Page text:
WV-03 (RAHALL): In a new campaign ad, Rep. Nick RahallNick RahallLikely W.Va. Senate GOP rivals spar in radio appearances West Virginia is no longer Clinton country Solution needed: Rail congestion is stifling economic growth MORE (D-W.Va.) touts his efforts to block the proposed Environmental Protection Agency rule limiting carbon emissions for power plants. Rahall emphasizes his support for the coal industry, a sentiment that he has focused on throughout his campaign. 

ME-02 (OPEN): Maine Democratic nominee Emily Cain earned a spot in the Democratic Congressional Campaign Committee’s Red to Blue Program, which recognizes top Democratic candidates. Meanwhile Democratic groups were on offense on Wednesday trying to frame her opponent, former state Treasurer Bruce Poliquin, as a Tea Party shill.

AL-06 (OPEN): Club for Growth PAC endorsed Gary Palmer against state Rep. Paul DeMarco in the GOP primary runoff for Rep. Spencer BachusSpencer BachusBusiness pressure ramps up against Trump's Ex-Im nominee Trump considering withdrawing Ex-Im nominee: report Business groups silent on Trump's Ex-Im nominee MORE’s (R-Ala.) vacant seat, after initially endorsing a candidate that didn’t make it to the runoff.

NY-1 (BISHOP): In his newest ad, Republican Lee Zeldin touts his military service and accuses primary opponent George Demos of being bankrolled by “pro-abortion, anti-gun rights California liberals.”

NY-21 (OPEN): American Crossroads is going up with another ad in the GOP primary for retiring Rep. Bill Owens’s (D) seat, hitting him on labor and tax disputes he’s faced previously and calling him a “perennial loser.” He’s facing Elise Stefanik, the establishment pick, for the chance to take on Democrat Aaron Woolf in the general.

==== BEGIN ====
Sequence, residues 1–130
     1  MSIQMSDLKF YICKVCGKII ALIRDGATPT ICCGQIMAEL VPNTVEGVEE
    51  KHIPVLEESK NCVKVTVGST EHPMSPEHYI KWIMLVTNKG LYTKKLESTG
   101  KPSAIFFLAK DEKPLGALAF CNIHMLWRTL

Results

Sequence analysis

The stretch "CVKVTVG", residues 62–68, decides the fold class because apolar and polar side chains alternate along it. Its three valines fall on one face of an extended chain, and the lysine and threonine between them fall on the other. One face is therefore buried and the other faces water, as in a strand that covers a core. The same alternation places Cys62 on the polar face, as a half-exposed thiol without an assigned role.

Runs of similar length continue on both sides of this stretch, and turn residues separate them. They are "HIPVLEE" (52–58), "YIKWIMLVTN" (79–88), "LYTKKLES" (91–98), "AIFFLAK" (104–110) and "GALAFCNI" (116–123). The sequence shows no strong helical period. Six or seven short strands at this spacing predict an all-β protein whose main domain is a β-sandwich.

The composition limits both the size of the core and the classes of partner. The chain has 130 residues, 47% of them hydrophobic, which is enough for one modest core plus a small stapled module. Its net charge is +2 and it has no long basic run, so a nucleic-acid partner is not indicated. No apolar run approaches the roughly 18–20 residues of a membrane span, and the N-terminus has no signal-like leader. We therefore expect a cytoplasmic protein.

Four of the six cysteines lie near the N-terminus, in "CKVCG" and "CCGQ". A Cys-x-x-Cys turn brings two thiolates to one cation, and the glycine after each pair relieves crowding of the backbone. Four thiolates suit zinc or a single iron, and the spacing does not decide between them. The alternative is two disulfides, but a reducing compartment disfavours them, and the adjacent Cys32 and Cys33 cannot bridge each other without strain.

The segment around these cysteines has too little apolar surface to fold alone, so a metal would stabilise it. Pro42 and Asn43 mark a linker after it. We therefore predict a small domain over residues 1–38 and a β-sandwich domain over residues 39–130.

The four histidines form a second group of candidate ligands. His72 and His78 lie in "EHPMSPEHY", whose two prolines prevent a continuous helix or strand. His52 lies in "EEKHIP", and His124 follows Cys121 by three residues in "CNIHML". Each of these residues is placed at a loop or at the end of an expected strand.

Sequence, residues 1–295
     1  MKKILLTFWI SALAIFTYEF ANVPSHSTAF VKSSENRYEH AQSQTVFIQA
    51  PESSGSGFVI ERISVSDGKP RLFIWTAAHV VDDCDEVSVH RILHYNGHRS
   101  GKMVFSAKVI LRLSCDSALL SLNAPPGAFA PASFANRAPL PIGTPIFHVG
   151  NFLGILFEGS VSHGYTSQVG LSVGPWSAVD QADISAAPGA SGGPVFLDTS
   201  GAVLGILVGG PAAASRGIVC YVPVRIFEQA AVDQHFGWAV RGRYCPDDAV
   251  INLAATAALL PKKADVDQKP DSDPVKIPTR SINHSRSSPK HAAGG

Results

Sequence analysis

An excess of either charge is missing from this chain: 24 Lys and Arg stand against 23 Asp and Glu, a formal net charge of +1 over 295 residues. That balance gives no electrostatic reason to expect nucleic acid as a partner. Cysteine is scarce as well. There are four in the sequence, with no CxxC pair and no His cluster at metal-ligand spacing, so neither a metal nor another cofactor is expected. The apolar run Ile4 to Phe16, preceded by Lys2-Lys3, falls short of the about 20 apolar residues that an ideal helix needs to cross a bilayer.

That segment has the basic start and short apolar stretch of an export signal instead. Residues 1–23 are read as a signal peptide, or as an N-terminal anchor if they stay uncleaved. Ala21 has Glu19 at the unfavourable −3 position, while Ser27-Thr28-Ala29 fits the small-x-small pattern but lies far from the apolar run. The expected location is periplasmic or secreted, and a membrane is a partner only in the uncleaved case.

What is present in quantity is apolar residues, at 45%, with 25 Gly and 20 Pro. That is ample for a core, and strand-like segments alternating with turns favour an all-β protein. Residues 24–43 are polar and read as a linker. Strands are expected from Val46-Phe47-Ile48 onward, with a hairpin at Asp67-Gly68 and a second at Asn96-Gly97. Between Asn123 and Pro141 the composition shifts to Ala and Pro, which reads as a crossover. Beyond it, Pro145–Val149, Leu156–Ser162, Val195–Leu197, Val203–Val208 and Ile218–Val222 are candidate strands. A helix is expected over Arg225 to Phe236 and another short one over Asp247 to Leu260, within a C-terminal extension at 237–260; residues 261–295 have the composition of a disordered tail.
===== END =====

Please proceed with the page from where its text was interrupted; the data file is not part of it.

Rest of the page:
2016 WATCH

CLINTON: A Gallup poll released Wednesday reveals that Hillary Clinton’s approval rating has dipped slightly in recent months, dropping from 59 percent in February to 54 percent. Though she is still favored by a majority, this new rating is her lowest since August 2008.

On the second day of her book tour, she again drew ridicule from Republicans, this time for misidentifying Abraham Lincoln as a senator from Illinois — her home state — when he was in fact a member of the House before he became president.

Clinton also said her comments that she and foerm President Clinton were “dead broke” when they left office were “not the most artful.”

BUSH:According to a poll from the Saint Leo University Polling Institute, Hillary Clinton would win Florida against five of six potential Republican nominees examined. The only potential Republican nominee Clinton would lose to would be former Florida Gov. Jeb Bush, whom the poll predicts would win by a 2-point margin.

QUOTE OF THE DAY

Dead broke ... Really?”

—Chicago Mayor Rahm Emanuel to Hillary Clinton at a Chicago event, in reference to her recent comments about leaving the White House without any money